I can only tell you our experience so far on things that we have seen and done while in Ecuador. Banking has not been a very happy experience until now. Our first introduction into the Ecuadorian world of banking came back while we were still living in Panama. We were given a recommendation of a bank that would open a savings account for us before our move, this sounded great just what we needed to have some security before moving. Well saying it was too good to be true would be an understatement, after months of going back and forth, phone calls, emails, completing form, emailing form, faxing forms, emailing copies of our passports, drivers licensees, and then having to get originals of everything sent by courier — we never got an account. Our second encounter with banking happened after we had been in Ecuador for a few days, again we were given the name of a contact at another bank. Again we send copies, filled out forms, signed documents and again no account was given. Joe had worked in banking in the states before his retirement and I worked as a financial manager and worked with banking issues every day of my working career. We were very disenchanted in the system and actually were resigned to keeping our accounts in Panama and moving on to more important issues.
Months later while working with a realtor in Salinas he asked why if we had our resident cards that we did not have a bank account, we relayed our tiring story of the two attempts. He said let’s go to his bank because we could get an account within 30 minutes. We could not believe it but had 30 minutes to spare and he was exactly right. Our new bank Banco Boliviariano took a bit over 30 minutes but when we left the bank I had a savings account opened and a promise that both Joe and I would have cash (ATM – Clave- tarjetas ) card within three days. We did not know enough to ask for the debit cards to be international but while we were at the bank a few days ago it was taken care of within three minutes so we now can travel using our ATM card anywhere in the world. What we were told happened which was a change from the other experiences. We decided to see if we could open International VISA accounts. This was a matter of putting up what they call an insurance policy which is actually a certificate of deposit for one year which we will need to go into the bank to renew each year. Current rates are 4.25% – we put up $5,000 to get a credit card with a $3,500 limit.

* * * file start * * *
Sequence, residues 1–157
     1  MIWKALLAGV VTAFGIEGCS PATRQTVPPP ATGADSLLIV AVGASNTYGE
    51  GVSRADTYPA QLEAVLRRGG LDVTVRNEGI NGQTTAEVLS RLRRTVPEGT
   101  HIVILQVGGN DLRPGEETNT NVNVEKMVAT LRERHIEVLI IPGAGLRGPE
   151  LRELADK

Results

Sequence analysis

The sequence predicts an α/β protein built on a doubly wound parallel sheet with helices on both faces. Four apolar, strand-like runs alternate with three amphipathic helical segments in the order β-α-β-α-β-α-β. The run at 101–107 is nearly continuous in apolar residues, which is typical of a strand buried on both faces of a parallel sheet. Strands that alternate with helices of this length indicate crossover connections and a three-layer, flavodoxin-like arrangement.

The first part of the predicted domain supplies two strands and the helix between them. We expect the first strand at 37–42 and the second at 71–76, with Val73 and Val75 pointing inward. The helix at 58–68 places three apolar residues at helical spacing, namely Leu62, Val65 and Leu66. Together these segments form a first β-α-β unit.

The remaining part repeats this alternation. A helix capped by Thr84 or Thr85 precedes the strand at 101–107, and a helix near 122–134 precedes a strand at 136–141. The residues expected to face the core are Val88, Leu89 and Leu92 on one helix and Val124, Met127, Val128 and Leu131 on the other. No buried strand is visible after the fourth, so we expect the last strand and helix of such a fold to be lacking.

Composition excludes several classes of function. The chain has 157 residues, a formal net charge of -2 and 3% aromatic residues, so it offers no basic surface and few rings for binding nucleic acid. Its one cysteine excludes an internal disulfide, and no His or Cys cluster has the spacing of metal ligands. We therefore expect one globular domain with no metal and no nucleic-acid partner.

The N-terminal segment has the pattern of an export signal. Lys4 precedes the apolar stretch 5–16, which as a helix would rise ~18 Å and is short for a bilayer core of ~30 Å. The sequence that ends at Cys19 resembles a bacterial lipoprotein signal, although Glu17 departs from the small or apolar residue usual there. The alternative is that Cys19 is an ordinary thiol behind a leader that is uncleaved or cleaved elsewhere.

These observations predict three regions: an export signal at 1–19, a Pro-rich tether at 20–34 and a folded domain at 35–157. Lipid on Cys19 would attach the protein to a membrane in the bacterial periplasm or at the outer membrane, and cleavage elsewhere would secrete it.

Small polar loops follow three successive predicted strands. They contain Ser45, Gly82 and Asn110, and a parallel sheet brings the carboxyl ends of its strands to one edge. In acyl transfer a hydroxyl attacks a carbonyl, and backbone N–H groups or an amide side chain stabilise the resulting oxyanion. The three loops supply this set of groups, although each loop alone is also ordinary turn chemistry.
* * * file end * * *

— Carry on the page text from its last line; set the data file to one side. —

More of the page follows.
A few extras that we did not think would be available with banking in “a developing country”. We can pay our electric, telephone and water bills directly from our account on line, their system is in Spanish but once you have done it a few times it’s a simple system and works very well.
They still use a pass book system so when you do go into the bank they update your book to show all transactions since your last visit. Old fashioned basic but we are attempting to slow our world down a bit and go back to the old fashioned basic way of doing things. This bank and their systems are working for us.
Banking is a very stressful subject so to calm your nerves here is a picture of the sunset from our back balcony.